The price of being Google – or any corporation that grows to the point of dominating a single market – is the inevitable antitrust probe. On September 21, 2011, Eric Schmidt, Google’s former chief executive and current executive chairman was given the task of reassuring members on the Senate Judiciary antitrust subcommittee that Google is not attempting to illegally abuse its power.
According to the Washington Post:
The broad antitrust argument against Google goes like this: The company’s dominant share of the search market means that it has unparalleled influence over what users find and don’t find on the Internet. As Google has branched into products beyond its main search engine, including mapping, travel and shopping, companies have accused Google of giving its own content better placement in its search results. Critics say this hurts not only smaller companies but also consumers, who don’t get the best results.
Google’s goal is to give people using their search engine the answer as quickly as possible. Google claims no malicious intent toward its competitors though the company seems to have admitted to pushing its own results higher, and as a consequence, pushed other sites down. Competition, however, worries that users will miss them completely by not being in the top spots.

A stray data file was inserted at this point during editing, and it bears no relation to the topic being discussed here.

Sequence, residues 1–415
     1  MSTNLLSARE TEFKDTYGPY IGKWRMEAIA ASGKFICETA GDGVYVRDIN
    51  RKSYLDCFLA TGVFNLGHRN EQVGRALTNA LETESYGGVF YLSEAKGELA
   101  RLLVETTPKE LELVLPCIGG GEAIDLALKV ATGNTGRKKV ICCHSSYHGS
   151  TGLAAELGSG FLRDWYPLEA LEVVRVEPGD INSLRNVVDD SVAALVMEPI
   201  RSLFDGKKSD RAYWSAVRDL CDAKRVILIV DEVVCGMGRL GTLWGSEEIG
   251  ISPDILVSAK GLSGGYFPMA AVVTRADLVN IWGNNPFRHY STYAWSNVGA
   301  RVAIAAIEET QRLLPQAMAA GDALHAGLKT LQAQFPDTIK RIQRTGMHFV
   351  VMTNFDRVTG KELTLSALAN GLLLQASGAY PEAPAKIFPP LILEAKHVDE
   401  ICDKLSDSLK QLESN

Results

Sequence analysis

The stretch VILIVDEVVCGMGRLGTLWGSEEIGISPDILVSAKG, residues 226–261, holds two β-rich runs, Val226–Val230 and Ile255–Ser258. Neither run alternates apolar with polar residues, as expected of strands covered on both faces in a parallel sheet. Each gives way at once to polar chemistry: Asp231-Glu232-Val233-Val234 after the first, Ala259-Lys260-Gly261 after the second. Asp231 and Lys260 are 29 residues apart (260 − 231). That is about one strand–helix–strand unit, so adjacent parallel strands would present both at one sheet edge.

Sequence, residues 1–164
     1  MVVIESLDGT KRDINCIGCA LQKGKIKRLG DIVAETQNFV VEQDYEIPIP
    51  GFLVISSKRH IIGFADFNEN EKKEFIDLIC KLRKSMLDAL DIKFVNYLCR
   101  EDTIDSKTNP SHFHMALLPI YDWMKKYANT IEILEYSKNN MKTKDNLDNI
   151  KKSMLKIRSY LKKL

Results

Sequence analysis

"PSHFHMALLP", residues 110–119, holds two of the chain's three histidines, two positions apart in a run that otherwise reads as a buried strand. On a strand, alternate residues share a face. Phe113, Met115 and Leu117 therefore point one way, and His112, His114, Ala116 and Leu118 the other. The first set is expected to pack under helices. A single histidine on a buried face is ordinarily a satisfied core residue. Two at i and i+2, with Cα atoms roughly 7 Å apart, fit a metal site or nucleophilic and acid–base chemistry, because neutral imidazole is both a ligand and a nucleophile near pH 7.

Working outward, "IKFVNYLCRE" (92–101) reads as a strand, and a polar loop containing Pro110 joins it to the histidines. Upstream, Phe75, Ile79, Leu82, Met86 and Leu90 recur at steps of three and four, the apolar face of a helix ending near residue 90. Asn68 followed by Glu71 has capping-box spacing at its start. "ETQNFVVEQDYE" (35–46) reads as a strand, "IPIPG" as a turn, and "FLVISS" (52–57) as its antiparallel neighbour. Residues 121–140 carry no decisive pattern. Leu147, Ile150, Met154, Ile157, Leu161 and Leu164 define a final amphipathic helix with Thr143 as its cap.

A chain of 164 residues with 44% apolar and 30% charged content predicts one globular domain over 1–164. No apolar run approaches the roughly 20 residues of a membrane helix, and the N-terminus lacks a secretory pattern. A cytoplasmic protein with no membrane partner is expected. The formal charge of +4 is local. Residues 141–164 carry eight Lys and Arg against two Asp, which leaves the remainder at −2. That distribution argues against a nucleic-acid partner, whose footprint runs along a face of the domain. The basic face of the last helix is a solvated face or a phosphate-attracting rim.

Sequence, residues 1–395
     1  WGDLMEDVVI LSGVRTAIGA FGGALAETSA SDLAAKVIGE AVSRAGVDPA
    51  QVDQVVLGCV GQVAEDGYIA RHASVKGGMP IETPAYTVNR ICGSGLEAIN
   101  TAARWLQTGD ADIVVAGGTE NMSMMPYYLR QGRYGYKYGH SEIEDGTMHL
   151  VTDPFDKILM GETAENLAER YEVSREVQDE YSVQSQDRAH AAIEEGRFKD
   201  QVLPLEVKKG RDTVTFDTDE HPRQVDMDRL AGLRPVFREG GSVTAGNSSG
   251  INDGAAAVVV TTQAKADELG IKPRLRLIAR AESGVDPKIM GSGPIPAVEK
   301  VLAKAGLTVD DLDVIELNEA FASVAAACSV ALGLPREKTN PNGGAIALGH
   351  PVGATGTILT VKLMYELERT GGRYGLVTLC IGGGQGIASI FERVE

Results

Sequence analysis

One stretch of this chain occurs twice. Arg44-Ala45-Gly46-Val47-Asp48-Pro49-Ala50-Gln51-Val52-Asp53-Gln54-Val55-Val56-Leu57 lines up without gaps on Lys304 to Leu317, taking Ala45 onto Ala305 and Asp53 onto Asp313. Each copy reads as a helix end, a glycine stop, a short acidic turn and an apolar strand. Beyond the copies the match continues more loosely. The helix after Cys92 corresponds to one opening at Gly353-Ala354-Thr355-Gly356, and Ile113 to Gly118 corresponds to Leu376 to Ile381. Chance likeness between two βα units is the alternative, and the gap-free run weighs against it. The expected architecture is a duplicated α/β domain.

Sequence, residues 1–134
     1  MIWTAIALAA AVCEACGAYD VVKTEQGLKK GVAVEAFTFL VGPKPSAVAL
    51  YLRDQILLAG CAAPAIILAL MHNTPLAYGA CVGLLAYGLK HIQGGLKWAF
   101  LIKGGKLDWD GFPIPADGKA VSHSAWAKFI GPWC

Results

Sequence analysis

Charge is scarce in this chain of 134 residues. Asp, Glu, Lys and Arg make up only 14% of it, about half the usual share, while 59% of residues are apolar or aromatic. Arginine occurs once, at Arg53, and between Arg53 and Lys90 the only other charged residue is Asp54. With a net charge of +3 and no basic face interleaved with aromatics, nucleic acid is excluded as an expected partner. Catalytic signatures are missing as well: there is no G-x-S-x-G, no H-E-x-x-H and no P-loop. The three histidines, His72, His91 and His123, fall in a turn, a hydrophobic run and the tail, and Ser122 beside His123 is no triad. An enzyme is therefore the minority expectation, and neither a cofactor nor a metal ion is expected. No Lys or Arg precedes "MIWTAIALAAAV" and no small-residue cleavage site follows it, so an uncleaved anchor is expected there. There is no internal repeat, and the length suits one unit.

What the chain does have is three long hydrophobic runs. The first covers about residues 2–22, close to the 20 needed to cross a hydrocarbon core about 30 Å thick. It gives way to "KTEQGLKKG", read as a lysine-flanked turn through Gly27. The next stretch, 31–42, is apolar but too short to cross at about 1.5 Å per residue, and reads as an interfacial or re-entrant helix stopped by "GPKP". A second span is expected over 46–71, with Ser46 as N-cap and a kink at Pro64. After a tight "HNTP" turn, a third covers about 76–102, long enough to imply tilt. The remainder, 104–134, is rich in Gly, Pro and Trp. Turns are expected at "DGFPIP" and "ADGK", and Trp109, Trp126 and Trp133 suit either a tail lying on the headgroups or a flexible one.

Senator Richard Blumenthal offered the following analogy as a reason the search engine giant is being looked at so closely by the U.S. and Europe: “You run the racetrack. You own the racetrack. For a long time, you didn’t have any horses. Now you have horses . . . and your horses seem to be winning.”
Schmidt remained cool despite accusations by Senator Mike Lee that Google “cooked” results by consistently showing up third for Google Shopping inquiries. His response was quick and to the point, “Senator, may I simply say that I can assure you we’ve not cooked anything.”
Whether or not Schmidt’s assurances will assuage fears and concerns is something that’s still up in the air. However, Google’s continued acquisition of companies beyond its core search business coupled with its dominance of that area is most likely not helping its case.